We left off discussing What is in our pesticide and information about it’s potential hazard, or if it is “dangerous”. So far we have simply defined and identified hazard. In order for us to properly handle “risk” we need to discuss exposure…or put another way I want to know “What if it gets on me?”
If we go back to my examples of hazard from a previous blog…an alligator in the water and the Chernobyl radioactive core, we have two highly hazardous things. On their own that hazard doesn’t mean much, if I don’t ever go into the water and I never travel to Chernobyl, my exposure to these highly hazardous things is zero. With no exposure, even to highly hazardous things, my risk is extremely low…because we mitigated exposure. Now if I jump into the water to hug that gator or take a trip to Chernobyl, my exposure drastically increases, and my risk is very high. This works the same with pesticides, even a very hazardous pesticide can have low risk, if exposure is reduced or eliminated.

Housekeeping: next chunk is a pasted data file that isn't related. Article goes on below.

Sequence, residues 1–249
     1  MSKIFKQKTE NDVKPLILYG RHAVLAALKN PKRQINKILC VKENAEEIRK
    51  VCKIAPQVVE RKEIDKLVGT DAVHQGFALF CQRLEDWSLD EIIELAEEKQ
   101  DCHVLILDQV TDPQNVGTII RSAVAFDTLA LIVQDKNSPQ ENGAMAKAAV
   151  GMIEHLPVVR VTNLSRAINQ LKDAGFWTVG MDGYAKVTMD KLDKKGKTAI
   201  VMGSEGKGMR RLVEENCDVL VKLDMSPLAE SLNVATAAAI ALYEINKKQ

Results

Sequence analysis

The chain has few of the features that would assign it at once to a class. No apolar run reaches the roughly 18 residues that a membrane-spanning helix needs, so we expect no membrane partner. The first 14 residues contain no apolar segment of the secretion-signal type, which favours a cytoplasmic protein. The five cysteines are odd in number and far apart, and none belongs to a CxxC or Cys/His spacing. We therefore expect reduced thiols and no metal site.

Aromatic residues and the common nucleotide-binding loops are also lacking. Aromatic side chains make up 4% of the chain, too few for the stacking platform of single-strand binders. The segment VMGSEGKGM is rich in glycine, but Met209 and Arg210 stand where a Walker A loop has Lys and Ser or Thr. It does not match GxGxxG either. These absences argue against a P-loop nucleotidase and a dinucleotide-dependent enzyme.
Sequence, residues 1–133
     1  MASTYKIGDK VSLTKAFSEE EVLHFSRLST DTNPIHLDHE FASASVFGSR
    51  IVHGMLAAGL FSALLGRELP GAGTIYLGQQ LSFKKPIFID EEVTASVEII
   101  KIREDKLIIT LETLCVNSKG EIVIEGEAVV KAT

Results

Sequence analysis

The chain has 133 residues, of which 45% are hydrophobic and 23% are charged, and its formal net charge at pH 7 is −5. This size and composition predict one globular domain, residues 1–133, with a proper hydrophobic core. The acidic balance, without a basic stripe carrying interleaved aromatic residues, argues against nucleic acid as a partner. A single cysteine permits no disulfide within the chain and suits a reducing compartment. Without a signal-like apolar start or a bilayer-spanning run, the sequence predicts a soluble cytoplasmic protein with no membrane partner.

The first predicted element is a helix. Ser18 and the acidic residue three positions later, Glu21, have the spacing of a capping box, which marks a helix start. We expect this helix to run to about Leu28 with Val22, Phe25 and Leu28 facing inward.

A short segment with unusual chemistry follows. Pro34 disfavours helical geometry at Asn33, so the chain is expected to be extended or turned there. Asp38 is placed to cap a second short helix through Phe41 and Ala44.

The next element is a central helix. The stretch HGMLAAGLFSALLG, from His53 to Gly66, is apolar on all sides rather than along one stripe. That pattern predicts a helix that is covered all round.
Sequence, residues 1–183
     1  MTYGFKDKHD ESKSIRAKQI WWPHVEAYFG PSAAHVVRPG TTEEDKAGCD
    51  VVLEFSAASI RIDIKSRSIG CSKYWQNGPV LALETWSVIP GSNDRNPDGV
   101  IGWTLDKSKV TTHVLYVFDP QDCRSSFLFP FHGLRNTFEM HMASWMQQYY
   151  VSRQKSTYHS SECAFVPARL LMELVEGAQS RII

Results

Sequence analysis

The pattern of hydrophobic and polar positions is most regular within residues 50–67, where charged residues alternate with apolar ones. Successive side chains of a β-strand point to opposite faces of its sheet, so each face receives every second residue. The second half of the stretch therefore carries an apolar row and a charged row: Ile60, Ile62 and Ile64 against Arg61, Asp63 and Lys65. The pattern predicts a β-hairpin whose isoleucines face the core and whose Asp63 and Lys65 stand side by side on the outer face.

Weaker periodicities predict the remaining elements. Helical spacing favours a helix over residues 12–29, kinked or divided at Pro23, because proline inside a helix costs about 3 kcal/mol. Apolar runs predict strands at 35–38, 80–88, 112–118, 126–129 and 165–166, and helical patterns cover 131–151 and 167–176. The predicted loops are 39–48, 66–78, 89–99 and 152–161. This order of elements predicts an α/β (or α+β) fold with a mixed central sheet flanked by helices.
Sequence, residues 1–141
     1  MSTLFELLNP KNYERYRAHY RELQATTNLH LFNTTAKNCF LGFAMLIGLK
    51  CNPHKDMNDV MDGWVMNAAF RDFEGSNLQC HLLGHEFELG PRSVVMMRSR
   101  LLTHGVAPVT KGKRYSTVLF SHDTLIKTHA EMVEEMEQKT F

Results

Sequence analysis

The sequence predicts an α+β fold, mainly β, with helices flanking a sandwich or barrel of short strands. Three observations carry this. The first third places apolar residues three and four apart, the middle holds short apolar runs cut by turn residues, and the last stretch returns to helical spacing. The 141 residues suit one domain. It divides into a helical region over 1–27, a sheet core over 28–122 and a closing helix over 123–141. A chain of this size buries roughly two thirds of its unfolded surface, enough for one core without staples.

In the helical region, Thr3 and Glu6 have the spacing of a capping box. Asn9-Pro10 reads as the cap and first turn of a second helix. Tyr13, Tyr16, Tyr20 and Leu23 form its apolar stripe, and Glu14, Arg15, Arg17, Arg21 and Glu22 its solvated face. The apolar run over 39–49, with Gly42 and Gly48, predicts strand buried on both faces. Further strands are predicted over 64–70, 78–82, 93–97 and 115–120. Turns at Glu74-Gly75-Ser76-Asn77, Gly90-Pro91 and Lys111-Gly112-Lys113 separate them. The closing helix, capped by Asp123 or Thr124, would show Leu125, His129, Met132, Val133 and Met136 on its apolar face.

The EPA gathers tons of data on defining a pesticides hazard and thinking through possible exposures to reduce the overall risk. All that said, it is hard to eliminate ALL possible exposure, and we all know human error can come in to play, so the next part of a pesticide label handles that…The First Aid Section.
Here you have clear language about what to do if exposed to a pesticide in your eyes, on your skin, or even if you swallow it. Although many first aid sections will look similar, you still must read ALL of your label, even if you think you know it. Our Blamo label has some very specific instructions for instance.
That’s a lot more detail than some labels will have. It even gives specific instructions to physicians on how to deal with ingestion. That is good info to have and would be good to know ahead of time, not trying to find in an emergency situation. Reading the label each time before you buy and before you use will make it less stressful to find this information. So now that we know how to handle What if it gets on me? we are ready to discuss the next steps….
Next week we will discuss how we can reduce or eliminate exposure, and thus our risk, with the label.